Case 13019

Reduction of dislocation density in silicon solar cell material for enhanced solar cell performance


Dislocation density, multicrystalline silicon wafers, dislocation density etching, dislocation density imaging, solar cells, solar cell wafers, bulk defects, edge dislocation, efficiency enhancement, crystal defects


Polycrystalline silicon ingots, wafers and cells


    Increasing energy conversion efficiency for pc-Si solar cells


This invention describes a method to significantly reduce dislocation density in pc-Si bricks or wafers, consisting of the following three steps: 1) a high temperature anneal to eliminate dislocations, 2) a diffusion barrier to slow the entry of impurities, 3) a controlled cool to room temperature. Although dislocation density minimization is commonly attempted during ingot crystallization by a high-temperature “holding step” before cool-down, there are significant advantages to performing this at the brick or wafer level: greater surface area to volume ratio facilitates better dislocation out-diffusion and more linear time-temperature profiles, hence avoiding thermal stresses that generate new dislocations. The inventors have successfully demonstrated substantial reductions in pc-Si dislocations.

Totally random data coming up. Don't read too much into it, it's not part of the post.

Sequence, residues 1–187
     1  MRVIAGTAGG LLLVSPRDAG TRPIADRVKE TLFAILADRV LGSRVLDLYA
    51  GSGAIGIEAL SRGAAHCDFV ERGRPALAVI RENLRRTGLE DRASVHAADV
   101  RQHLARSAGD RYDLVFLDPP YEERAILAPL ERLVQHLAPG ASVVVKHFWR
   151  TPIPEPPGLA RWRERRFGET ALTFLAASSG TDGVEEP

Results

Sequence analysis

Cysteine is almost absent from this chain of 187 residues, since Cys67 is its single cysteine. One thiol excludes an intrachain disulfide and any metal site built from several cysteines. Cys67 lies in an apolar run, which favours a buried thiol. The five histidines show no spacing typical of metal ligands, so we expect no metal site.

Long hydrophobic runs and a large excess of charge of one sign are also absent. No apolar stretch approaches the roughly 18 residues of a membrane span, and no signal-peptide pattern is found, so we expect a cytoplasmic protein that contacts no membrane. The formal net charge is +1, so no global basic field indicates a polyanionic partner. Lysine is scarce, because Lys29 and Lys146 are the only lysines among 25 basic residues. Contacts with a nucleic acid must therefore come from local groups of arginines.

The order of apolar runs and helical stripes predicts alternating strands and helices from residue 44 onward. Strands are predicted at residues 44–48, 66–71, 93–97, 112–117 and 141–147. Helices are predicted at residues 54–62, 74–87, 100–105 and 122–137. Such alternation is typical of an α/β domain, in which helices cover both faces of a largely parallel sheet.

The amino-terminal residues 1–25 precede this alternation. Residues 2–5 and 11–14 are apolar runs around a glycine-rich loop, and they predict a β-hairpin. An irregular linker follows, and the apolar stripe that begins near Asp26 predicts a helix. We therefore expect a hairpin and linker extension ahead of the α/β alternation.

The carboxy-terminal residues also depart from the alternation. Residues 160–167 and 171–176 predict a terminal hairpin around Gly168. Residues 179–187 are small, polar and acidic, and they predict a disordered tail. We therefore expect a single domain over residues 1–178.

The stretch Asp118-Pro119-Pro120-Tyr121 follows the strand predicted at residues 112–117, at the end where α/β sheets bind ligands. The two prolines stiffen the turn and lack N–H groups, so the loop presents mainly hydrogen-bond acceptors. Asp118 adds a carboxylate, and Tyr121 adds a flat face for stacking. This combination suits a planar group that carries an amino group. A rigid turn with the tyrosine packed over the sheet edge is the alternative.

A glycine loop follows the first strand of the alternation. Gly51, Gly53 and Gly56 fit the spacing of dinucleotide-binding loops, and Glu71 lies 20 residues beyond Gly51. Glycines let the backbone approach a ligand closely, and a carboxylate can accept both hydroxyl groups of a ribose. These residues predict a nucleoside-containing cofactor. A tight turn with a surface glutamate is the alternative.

• Industrial solar cell efficiencies (using standard screen-printing metallization) can be expected to improve by 1-1.5%, or a net improvement of >6% for a 15% efficient cell.

  • Professor Tonio Buonassisi (Department of Mechanical Engineering, MIT)
  • Katherine Hartman (Department of Materials Science and Engineering, MIT)
  • James Serdy (Laboratory for Manufacturing and Productivity, MIT)

Intellectual Property:

U.S. Patent filed January 23, 2009


Katy Hartman, Mariana Bertoni, James Serdy, and Tonio Buonassisi. Dislocation density reduction in multicrystalline silicon solar cell material by high temperature annealing Applied Physics Letters 93, 122108 (2008). DOI: 10.1063/1.2909644

Related Cases:

14086: Dislocation Reduction in Silicon by Application of Cyclic Thermal Stress

Last revised: November 8, 2010

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